What a day. What a long and wonderful day. I'm home after covering the elections for about 12 hours and I saw more than a few things I didn't expect.
I was at the county elections office for about an hour this afternoon. There I saw people shouting and pumping their fists after they finished filling out their paperwork to fill out a provisional ballot. I saw people honk their horns and smile widely as they dropped ballots off. Saw the mailman beaming as he showed me a stack of ballots that people had sent via overnight mail (cost: $14).
When I saw how excited people were in a non-swing state to vote, I knew this race was all over. A few hours later, I was at the Democratic victory party in Ashland. The polls on the West Coast closed at 8:00. Moments later, the TV networks called the race for Obama. I saw hundreds of people stand up and shout. I saw many of them start crying. On giant projection screens I saw people dancing and cheering in Times Square, in front of the White House, and in Europe.
It was hard not to get swept up in it all. Hard not to think that you were seeing a moment that people will be talking about for generations.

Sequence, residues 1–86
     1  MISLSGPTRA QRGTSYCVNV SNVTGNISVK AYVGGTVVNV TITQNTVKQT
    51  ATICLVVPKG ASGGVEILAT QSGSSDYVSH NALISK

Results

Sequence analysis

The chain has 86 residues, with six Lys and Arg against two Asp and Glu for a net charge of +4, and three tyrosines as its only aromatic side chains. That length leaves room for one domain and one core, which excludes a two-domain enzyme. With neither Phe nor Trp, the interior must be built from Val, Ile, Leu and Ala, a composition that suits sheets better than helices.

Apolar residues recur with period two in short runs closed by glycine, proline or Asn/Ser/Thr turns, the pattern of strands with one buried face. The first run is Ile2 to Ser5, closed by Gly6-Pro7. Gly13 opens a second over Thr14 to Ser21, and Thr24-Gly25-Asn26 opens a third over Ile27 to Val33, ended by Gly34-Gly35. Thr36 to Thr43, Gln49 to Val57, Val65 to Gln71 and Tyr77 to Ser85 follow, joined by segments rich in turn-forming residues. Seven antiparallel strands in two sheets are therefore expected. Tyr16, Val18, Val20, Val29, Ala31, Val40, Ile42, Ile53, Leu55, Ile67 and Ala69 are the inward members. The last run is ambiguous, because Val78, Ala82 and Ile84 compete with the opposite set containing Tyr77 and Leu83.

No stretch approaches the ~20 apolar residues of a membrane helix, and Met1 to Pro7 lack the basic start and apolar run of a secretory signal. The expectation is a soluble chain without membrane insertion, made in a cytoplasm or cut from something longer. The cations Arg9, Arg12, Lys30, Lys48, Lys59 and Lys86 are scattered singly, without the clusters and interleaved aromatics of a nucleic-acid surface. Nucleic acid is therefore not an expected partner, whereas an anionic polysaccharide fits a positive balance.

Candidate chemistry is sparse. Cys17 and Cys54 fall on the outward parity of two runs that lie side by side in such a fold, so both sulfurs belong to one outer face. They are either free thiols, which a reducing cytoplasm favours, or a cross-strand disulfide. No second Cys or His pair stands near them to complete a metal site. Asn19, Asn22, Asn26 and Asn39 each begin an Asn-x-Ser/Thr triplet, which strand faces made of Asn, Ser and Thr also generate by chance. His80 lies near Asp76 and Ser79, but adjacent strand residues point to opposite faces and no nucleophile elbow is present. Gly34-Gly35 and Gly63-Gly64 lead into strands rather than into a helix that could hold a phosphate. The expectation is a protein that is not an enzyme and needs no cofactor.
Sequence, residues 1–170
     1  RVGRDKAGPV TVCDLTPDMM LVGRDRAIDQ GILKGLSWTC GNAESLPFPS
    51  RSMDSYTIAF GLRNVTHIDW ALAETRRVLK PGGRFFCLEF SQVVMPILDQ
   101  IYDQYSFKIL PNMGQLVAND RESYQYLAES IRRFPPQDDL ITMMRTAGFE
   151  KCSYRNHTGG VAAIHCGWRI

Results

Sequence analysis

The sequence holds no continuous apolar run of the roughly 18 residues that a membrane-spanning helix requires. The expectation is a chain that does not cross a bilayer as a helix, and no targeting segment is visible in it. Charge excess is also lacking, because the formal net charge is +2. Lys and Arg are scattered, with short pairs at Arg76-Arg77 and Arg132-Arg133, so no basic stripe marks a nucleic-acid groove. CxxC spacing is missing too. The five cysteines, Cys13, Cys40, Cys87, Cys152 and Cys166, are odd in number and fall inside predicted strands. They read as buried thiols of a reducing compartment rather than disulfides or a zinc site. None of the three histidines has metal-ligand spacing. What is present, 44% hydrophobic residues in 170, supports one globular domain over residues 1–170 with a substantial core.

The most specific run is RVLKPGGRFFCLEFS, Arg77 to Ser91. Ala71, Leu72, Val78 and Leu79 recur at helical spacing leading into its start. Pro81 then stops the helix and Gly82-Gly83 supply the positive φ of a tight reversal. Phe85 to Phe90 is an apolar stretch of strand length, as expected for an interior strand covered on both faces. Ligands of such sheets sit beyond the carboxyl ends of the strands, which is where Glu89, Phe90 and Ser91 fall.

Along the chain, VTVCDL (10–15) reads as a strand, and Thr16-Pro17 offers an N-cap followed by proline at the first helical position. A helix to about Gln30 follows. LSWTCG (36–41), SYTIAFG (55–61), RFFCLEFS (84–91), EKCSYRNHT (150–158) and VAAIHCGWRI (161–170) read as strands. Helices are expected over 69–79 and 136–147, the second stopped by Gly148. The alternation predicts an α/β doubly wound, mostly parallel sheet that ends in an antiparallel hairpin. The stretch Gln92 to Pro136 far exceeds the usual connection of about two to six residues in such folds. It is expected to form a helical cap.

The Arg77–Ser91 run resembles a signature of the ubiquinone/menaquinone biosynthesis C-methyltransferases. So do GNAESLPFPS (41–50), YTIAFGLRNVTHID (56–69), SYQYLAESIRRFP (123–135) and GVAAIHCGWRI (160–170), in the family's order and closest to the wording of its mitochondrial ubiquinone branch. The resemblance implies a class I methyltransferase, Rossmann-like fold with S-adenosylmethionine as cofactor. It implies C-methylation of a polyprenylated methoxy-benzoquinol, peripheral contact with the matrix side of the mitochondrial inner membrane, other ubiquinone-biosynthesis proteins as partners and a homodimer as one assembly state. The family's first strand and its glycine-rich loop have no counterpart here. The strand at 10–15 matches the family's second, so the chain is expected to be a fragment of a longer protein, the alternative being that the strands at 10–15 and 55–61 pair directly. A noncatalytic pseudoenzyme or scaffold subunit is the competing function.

In his moment in history, I see the seeds of greatness. We may have just elected a great leader, a transformational character in our history. This troubled time calls for greatness, and Obama may have what it takes.
Of course, there is always a chance we've just elected the second coming of Jimmy Carter. And even if he's not, it seems like it will be impossible for Obama to live up to the expectations placed on him in the US and by people around the world.
But what the hell. The American people have voted for hope, so I will offer a little hope myself tonight. So allow me to hope that Obama really is as good as everyone wants him to be. I'll hope that America has turned the corner on 16 years of divisive, wedge-issue politics. And I'll hope that, indeed, America's best days are in the future.
And in an age of fear, it's actually nice to hope, even if it is for just a few moments.